why $g(0) < ( 1- k) y$ is contradicts?

by jasmine   Last Updated October 09, 2019 15:20 PM - source

This is orginal post :Yes/No : Is $f$ has fixed point?

But I have some doubts in my mind which i didn't understand

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My doubts is why $g(0) < ( 1- k) y$ is contradicts ?

My attempt : Here $y \le 0$ and $k <1$ , i think this inequality $g(0) < ( 1-k) y$ is true , then why its contradicts

Tags : real-analysis


Answers 1


$g(0) = g(y) - g'(\xi)y$ is from the mean value theorem; here $y < \xi < 0$. By assumption $g'(\xi) \le k - 1$, if we multiply by the positive number $-y$, we obtain $-g'(\xi)y \le (1 - k)y$. So assuming $g(y) < 0$ gets us to $g(0) < (1 - k)y$.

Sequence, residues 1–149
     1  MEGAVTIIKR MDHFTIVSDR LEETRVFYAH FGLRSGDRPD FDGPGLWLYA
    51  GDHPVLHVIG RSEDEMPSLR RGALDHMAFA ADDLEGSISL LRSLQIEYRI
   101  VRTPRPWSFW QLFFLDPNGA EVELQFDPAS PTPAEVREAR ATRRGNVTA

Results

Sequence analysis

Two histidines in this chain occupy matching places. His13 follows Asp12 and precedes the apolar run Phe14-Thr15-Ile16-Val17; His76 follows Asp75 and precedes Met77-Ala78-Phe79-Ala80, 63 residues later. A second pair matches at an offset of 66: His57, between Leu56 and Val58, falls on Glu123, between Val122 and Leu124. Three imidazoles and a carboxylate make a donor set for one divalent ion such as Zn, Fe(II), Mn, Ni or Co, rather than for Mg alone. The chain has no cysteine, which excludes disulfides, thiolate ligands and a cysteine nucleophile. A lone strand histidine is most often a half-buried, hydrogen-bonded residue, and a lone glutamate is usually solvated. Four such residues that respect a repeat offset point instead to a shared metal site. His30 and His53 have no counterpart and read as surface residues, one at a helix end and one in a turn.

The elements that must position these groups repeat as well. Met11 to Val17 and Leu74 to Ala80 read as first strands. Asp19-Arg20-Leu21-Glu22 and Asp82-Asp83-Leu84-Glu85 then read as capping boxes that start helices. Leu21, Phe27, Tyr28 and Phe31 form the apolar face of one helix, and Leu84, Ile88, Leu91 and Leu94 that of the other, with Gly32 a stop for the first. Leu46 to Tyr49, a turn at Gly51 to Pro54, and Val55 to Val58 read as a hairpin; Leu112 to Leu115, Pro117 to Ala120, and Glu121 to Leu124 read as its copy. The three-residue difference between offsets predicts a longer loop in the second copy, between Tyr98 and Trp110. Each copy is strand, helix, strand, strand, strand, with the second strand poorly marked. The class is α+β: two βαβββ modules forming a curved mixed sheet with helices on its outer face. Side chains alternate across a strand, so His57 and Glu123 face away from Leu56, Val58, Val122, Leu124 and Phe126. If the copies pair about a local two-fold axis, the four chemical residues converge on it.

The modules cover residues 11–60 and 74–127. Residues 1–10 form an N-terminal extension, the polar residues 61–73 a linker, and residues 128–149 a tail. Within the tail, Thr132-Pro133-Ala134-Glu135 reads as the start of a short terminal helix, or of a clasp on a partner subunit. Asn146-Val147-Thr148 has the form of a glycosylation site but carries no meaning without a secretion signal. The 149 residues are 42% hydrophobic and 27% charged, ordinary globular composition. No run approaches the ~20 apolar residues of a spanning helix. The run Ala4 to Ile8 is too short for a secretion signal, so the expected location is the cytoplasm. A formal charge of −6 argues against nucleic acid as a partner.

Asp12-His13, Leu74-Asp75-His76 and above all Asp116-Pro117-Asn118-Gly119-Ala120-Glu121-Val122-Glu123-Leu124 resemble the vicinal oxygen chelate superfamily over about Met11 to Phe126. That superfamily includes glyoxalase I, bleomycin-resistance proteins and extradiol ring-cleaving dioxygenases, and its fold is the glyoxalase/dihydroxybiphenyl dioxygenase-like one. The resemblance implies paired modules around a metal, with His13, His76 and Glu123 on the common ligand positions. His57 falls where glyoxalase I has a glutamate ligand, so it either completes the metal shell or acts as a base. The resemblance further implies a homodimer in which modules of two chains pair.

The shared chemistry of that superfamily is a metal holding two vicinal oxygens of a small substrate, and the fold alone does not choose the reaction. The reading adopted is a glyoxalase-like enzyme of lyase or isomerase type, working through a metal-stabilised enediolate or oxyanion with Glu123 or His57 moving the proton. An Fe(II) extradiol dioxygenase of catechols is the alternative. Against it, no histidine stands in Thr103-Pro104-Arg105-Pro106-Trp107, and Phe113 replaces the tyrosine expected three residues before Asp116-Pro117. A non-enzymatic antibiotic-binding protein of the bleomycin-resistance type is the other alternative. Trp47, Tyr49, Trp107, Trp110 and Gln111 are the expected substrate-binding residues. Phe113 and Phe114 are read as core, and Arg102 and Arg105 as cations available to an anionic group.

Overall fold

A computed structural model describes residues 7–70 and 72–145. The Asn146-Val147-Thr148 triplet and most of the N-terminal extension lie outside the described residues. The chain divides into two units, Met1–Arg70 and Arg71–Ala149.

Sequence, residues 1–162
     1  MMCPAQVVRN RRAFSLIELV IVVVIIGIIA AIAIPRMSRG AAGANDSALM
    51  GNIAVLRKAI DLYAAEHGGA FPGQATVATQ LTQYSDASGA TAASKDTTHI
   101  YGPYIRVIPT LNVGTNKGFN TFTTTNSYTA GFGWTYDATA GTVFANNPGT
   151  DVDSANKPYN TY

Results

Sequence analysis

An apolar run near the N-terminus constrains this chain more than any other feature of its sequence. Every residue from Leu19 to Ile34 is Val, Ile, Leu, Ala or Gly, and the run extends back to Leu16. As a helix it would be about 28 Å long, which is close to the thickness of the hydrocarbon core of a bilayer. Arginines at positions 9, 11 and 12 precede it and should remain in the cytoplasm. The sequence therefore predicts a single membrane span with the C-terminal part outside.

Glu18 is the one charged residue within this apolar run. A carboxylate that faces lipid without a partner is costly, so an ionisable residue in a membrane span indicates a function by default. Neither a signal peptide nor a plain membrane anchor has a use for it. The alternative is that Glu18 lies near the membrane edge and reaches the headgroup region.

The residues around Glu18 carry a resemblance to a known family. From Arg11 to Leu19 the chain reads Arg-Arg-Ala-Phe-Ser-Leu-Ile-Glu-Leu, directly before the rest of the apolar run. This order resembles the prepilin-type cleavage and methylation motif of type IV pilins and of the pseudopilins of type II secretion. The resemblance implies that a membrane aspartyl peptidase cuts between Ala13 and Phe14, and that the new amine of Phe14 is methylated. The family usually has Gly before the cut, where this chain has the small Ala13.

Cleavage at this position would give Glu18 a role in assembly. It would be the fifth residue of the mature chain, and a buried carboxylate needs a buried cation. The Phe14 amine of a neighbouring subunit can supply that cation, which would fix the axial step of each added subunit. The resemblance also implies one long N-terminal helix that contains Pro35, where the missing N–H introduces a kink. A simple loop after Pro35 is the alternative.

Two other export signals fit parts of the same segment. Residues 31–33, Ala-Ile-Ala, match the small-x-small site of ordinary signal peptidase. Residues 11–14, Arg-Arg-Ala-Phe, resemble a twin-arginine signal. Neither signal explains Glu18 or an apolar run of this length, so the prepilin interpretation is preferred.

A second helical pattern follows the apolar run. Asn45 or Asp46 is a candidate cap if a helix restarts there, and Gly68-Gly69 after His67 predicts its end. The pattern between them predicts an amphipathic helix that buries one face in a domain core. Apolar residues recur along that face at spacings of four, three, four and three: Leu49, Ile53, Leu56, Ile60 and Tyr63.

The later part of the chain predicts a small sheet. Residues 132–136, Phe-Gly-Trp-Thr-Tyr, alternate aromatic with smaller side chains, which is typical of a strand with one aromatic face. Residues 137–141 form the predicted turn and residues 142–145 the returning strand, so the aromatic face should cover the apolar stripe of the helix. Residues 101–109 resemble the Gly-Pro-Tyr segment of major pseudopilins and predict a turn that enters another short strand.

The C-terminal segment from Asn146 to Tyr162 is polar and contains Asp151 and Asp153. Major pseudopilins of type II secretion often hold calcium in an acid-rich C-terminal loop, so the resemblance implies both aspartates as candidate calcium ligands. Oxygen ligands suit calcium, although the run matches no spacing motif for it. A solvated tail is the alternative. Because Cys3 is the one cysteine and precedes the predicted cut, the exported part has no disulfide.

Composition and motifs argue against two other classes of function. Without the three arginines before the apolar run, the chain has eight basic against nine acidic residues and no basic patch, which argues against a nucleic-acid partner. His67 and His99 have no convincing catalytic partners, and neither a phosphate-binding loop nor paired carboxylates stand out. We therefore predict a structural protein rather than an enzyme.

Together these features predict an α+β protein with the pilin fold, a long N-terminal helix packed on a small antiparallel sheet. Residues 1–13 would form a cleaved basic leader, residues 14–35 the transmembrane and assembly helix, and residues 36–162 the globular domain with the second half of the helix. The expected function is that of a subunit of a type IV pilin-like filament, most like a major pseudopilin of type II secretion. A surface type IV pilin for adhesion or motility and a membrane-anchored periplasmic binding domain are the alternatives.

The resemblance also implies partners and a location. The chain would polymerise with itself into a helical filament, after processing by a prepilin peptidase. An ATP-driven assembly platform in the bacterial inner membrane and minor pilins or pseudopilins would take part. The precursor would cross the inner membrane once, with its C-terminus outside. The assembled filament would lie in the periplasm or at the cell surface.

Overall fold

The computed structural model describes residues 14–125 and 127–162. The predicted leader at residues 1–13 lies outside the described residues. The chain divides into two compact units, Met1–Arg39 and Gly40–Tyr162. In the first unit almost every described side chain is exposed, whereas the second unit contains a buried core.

Now the observation is that $|y|$ can be as big as we want. But this inequality says that $\frac{g(0)}{1 - k} < y$—which in terms of absolute value is $|y| < \frac{|g(0)|}{1 - k}$. So if $y = \frac{g(0)}{1 - y}$ or larger (in the negative direction), we have a contradiction.

Trevor Gunn
Trevor Gunn
October 09, 2019 14:57 PM

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